David Bain won't be granted compensation after a report found him not innocent on the balance of probabilities, but he has accepted a Government payment.
Justice Minister Amy Adams held a news conference in her Beehive office on Tuesday morning.
The decision is the latest milestone in Mr Bain's case, which Ms Adams says brings the legal wrangle over the case to an end.
Ms Adams said it was one of the "most complex, unique and high-profile cases New Zealand has ever known".
She says because of that, people will have fixed views on the case.
"One thing I like to think we all need to agree, is that at some point, some finality needs to be achieved."
She received the final report from retired Australian judge Ian Callinan AC QC about whether Mr Bain deserved compensation in January this year.
It found Mr Bain didn't meet the threshold to be awarded compensation.
But the Government has agreed to pay Mr Bain $925,000 "in recognition of the time involved and expenses incurred by Mr Bain during the compensation process and the desirability of avoiding further litigation".
"Mr Bain has accepted this payment in full and final settlement of all matters," Ms Adams says.
She says the outcome is "pragmatic" and finally brings to an end the long-standing argument for all parties.
Had the outcome not been agreed on, it was likely the case would drag on "with no more likelihood of absolute answers than we have today".
She said the payment was not compensation for Mr Bain - his application failed - but was rather an ex-gratia payment done without legal obligation to do so and to avoid further litigation.
Long-time supporter of Mr Bain, Joe Karam says as yet, the payment hasn't been received by Mr Bain's lawyers.
Mr Karam says a news conference will be held "in due course", and until the payment is received is "constrained from comment".
He says he's been contacted by "every news organisation in New Zealand" as well as some international media following the decision.
"I have been Mr Bain's official representative in regard to his claim for compensation. This has occupied me almost full time over the past six years. I have completed thousands of pages of submissions to Justice Binnie and Justice Callinan as well as to Ms Adams herself."
The cost to the Government for David Bain's compensation:
Ms Adams said Justice Callinan noted the case's divisive nature. "He went on to say it was likely no one will ever know what happened."
She says any obvious comparisons between Mr Bain's case and Teina Pora who was granted $2.5 million in compensation for his wrongful imprisonment were wrong, Ms Adams says.
"I think people have to accept every case is different on its merits, every application is considered very differently and the quantum is very different."
Mr Pora was offered the compensation and a Government apology for the nearly 21 years he wrongly spent in prison for the rape and murder of Auckland woman Susan Burdett.
He has accepted the payment, but is challenging the decision in court to include inflation to the compensation figure.
Mr Bain was first found guilty of the murder of his five family members on May 29, 1995, following a three-week long jury trial.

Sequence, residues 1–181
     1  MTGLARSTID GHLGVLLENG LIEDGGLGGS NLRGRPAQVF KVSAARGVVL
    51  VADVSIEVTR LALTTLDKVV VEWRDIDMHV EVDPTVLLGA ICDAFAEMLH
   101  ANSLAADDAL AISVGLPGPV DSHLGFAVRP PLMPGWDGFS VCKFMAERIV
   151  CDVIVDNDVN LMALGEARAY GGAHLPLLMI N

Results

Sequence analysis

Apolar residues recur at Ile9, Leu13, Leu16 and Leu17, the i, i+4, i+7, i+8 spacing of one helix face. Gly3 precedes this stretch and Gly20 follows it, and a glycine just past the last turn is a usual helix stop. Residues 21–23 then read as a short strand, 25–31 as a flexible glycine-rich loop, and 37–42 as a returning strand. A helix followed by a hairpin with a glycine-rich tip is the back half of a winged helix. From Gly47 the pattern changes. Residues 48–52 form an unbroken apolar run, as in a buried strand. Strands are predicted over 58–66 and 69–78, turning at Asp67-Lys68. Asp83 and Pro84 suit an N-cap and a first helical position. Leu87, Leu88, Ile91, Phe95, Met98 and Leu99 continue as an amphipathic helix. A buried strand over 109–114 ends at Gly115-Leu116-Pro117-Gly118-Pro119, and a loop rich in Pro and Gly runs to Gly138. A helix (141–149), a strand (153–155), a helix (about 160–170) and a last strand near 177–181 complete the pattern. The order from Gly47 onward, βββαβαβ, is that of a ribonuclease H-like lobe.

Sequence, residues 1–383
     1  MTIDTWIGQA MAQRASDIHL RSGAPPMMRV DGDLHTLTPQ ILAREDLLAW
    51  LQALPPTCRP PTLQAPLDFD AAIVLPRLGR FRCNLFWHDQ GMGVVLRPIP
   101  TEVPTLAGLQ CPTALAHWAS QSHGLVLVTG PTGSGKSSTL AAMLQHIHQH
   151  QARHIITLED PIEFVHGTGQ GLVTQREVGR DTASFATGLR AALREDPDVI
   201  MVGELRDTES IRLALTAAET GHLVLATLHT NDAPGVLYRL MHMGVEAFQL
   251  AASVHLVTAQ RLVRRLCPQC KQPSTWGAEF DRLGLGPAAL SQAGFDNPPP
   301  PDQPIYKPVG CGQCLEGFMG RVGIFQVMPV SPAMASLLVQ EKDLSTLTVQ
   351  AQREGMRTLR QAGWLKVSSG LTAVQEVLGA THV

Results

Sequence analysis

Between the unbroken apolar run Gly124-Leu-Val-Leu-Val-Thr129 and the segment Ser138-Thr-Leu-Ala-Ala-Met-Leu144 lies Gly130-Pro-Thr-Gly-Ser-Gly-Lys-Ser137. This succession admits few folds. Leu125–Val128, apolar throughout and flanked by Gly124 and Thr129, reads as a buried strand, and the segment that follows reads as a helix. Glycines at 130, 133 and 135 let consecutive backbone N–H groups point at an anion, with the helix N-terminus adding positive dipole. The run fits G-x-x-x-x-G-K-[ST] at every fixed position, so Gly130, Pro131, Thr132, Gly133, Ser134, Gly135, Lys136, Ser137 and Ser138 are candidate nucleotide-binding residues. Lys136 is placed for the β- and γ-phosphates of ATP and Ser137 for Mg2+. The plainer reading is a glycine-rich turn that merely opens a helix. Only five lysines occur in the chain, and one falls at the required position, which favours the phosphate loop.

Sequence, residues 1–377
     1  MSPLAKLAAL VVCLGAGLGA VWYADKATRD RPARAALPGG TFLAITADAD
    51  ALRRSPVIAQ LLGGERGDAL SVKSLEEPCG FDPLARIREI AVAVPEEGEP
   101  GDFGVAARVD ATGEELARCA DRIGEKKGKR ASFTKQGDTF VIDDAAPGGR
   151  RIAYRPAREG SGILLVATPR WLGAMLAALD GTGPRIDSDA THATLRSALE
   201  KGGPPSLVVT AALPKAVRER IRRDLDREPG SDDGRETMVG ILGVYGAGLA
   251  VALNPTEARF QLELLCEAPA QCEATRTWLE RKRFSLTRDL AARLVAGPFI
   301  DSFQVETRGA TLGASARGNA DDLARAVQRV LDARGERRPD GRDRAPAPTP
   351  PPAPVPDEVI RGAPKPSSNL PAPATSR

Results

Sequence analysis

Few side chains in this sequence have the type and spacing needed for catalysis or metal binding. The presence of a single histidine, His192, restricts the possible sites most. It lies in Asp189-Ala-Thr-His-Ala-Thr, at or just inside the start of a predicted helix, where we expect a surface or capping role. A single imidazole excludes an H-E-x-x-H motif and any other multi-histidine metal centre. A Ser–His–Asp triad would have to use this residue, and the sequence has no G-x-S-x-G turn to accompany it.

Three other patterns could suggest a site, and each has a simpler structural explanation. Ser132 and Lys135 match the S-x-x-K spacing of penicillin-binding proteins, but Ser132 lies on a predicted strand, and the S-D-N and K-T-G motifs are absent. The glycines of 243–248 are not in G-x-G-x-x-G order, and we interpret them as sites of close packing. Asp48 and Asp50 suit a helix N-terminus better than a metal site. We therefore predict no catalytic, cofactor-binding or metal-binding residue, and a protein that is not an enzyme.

He was sentenced to a mandatory life term in prison with a minimum non-parole period of 16 years.
Following years of legal battles including the Privy Council, Court of Appeal and input from then Justice Minister Phil Goff who said there were a "number of errors" in the Crown's presentation of the case, Mr Bain was granted a retrial in 2007.
In the second trial in 2009, a jury trial found Mr Bain not guilty of the murder of his parents Robin and Margaret, sisters Laniet and Arawa and brother Stephen.
But the battle for compensation was only just beginning, with Mr Bain asking for compensation for the 13 years he spent in prison.
In 2010,the Government rejected a proposal to settle a compensation claim for wrongful imprisonment. The following year, the Government appointed retired Canadian Supreme Court judge Justice Ian Binnie to asses Mr Bain's compensation claim.
Justice Minister Judith Collins rejected Justice Binnie's report after Robert Fischer QC found a number of errors.
In January 2013, Mr Bain's lawyer Michael Reed QC announced there'd be a judicial review of Ms Collins' decision.
Later that year, TV3's 3rd Degree programme revealed clues which could prove Robin Bain fired the murder weapon. But police later said they had evidence which debunked the theory.
In January 2014, Mr Bain married Liz Davies in a private ceremony outside Christchurch.
In February 2015, Justice Minister Amy Adams announced the judicial review proceedings had been discontinued following an agreement between parties.
Cabinet resumed its consideration of Mr Bain's compensation claim for wrongful conviction and imprisonment.
In February 2016, it was reported retired Australian judge Ian Callinan AC QC found Mr Bain not "innocent beyond reasonable doubt" which would mean he'd fail to meet the "extraordinary circumstances" for compensation.
But the Government wasn't even sure the report had been leaked to media in the first place.
"There's all sorts of speculation, some of which is quite inaccurate... it raises questions about what the media has, or thinks it has," Ms Adams said at the time.